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April 21, 2016

Law Firms: Let the Mossack Fonseca Case Be a Harsh Lesson in Cybersecurity

By now you have undoubtedly heard about the Panama Papers data leak at law firm Mossack Fonseca, recently referred to by WIRED as “the biggest leak in whistleblower history.”

It’s bigger than the 2010 WikiLeaks Cablegate leak, which exposed 1.73 gigabytes of information about the secret dealings of classified information within the U.S. government.

In contrast, the Panama Papers contained 2.6 terabytes of information, or about 11 million files—a large portion of which sheds critical light on the state of global tax avoidance. The U.S. Department of Justice is now launching a formal investigation around “matters to which the Panama Papers are relevant.”

“This is pretty much every document from this firm over a 40-year period,” International Consortium of Investigative Journalists (ICIJ) director Gerard Ryle told WIRED.

Let’s shift our focus away from the contents of the papers, though, and onto the part that should send shivers down the collective spine of the legal industry:

Thanks to the Mossack Fonseca data leak, all law firms now are now effectively in the crosshairs for cybercriminals.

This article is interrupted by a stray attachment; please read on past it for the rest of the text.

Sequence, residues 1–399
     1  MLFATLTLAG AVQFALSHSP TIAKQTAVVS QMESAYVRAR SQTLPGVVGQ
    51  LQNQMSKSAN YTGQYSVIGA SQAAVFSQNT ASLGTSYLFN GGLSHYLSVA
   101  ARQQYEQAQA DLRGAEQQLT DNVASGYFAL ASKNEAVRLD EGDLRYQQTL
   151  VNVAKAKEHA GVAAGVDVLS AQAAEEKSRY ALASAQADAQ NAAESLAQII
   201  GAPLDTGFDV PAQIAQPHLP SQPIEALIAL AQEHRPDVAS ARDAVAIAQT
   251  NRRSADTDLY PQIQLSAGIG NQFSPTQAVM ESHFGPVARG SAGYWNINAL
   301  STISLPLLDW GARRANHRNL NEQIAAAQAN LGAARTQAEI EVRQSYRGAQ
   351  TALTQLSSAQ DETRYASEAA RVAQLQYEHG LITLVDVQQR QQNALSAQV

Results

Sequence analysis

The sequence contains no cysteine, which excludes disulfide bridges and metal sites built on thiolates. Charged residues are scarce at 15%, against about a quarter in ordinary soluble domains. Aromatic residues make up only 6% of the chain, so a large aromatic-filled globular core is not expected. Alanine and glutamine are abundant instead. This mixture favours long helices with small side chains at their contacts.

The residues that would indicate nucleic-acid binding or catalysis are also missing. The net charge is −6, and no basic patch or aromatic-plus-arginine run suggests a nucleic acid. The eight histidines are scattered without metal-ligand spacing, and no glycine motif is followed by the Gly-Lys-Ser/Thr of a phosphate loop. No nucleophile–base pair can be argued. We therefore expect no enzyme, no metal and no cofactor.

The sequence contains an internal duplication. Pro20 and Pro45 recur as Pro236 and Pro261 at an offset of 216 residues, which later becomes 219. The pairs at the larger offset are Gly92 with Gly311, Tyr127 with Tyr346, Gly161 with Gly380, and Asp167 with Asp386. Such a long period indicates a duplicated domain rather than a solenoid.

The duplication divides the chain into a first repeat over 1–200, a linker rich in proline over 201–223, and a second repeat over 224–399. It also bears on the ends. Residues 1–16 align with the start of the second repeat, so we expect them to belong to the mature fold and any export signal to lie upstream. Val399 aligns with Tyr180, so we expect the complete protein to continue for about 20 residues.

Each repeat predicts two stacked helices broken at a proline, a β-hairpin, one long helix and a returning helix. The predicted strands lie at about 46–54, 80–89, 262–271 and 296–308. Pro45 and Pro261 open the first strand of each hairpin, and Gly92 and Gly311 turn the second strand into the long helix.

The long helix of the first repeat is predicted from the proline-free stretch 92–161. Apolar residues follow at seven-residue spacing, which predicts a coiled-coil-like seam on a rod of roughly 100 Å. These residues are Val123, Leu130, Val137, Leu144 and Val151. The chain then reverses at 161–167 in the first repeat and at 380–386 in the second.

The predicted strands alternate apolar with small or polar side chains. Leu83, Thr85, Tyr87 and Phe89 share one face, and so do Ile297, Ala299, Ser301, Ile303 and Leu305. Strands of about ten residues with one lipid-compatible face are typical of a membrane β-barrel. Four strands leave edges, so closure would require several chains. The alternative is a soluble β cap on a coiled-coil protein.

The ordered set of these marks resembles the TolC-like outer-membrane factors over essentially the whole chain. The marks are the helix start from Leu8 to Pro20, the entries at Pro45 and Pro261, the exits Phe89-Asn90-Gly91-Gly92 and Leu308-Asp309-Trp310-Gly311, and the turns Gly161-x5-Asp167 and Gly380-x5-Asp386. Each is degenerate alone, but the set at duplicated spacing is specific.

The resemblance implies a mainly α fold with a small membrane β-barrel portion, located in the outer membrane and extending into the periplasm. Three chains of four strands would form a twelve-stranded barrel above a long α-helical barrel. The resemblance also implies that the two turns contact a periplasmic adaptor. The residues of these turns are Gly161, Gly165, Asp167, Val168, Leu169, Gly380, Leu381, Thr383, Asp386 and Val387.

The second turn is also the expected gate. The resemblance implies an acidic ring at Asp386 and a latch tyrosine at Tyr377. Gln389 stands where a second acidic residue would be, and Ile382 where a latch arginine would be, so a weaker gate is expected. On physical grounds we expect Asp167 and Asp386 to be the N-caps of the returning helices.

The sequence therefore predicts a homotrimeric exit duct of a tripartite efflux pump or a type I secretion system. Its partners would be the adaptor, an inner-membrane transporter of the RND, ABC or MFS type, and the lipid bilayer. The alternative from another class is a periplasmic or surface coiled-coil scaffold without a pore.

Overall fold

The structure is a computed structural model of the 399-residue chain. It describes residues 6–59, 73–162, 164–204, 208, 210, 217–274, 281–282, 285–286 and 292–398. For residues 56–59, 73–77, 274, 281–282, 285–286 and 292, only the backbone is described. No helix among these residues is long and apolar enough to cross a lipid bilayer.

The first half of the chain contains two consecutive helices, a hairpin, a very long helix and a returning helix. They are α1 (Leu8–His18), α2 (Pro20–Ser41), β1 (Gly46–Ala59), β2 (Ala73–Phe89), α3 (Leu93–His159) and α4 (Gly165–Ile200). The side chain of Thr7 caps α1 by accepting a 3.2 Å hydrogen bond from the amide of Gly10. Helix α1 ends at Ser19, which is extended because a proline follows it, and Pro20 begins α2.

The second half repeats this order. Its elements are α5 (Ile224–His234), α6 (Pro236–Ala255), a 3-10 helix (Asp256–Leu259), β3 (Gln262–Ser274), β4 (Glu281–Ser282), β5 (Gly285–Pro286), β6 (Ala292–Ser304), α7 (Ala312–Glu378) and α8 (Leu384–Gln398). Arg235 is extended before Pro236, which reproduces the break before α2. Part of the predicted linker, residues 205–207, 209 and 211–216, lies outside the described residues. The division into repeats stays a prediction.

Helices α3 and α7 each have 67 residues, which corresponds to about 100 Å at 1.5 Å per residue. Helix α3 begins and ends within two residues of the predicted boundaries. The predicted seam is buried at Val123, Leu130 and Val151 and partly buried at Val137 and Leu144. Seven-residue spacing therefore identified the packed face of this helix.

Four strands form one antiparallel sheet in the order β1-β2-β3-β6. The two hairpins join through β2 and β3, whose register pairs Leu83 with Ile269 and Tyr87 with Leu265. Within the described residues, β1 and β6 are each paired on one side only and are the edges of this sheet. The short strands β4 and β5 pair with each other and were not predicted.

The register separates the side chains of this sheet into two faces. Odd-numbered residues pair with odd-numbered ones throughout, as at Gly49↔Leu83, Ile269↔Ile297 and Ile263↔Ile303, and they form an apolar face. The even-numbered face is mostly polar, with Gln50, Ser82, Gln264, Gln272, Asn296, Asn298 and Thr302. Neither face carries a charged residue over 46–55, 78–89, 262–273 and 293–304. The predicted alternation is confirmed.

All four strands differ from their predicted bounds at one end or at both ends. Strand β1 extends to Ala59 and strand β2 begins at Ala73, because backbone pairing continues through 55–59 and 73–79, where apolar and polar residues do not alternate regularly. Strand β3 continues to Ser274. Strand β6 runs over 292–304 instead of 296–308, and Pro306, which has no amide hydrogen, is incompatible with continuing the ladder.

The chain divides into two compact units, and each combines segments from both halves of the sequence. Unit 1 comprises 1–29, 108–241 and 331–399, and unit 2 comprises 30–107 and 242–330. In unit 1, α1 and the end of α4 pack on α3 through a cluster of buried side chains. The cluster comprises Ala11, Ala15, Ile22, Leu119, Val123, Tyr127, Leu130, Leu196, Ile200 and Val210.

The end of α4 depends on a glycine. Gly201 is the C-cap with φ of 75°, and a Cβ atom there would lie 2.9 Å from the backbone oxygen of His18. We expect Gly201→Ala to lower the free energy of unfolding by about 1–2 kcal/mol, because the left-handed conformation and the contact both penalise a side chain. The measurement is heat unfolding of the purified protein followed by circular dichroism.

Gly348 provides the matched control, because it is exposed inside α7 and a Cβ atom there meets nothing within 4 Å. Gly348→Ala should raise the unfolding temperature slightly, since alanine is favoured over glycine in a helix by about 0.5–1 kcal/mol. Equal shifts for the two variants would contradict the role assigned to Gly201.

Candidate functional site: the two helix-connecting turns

In other words, this case brought into the public consciousness not only the large volume of the data that law firms harbor about individuals and corporations, but also the vulnerability of their cybersecurity measures.

Here’s what happened:

Back in 2014, an anonymous whistleblower at Mossack Fonesca—whose identity has not yet been revealed—contacted reporter Bastian Obermayer of the German newspaper Suddeutsche Zeitung and alerted him about information related to criminal activities in Mossack Fonseca’s possession. The two began corresponding regularly over encrypted channels, exchanging large volumes of information.

As of right now, the database has not been released in its entirety and there are currently no plans to release all of the information for reasons related to integrity. Moving forward, information will be released selectively.

“We’re not WikiLeaks,” Ryle said in the WIRED article. “We’re trying to show that journalism can be done responsibly.”  

The fact remains, though, that clients trusted Mossack Fonseca to keep their information safe, and the law firm failed to do so. Considering the clientele who were mentioned in the report (like Russian President Vladimir Putin), it’s safe to say that this is no ordinary data leak—and the implications could be enormous.

So if you are a cybersecurity professional at a law firm, stop and think about the files that your organization is protecting—and the potential consequences that could happen if that information was made public.

With this in mind, it’s time to start thinking about how you can protect your data.

To learn more about how Apex Technology Services, premier computer consultants for greater New York City and Fairfield County, can help improve your cybersecurity strategy, click here.


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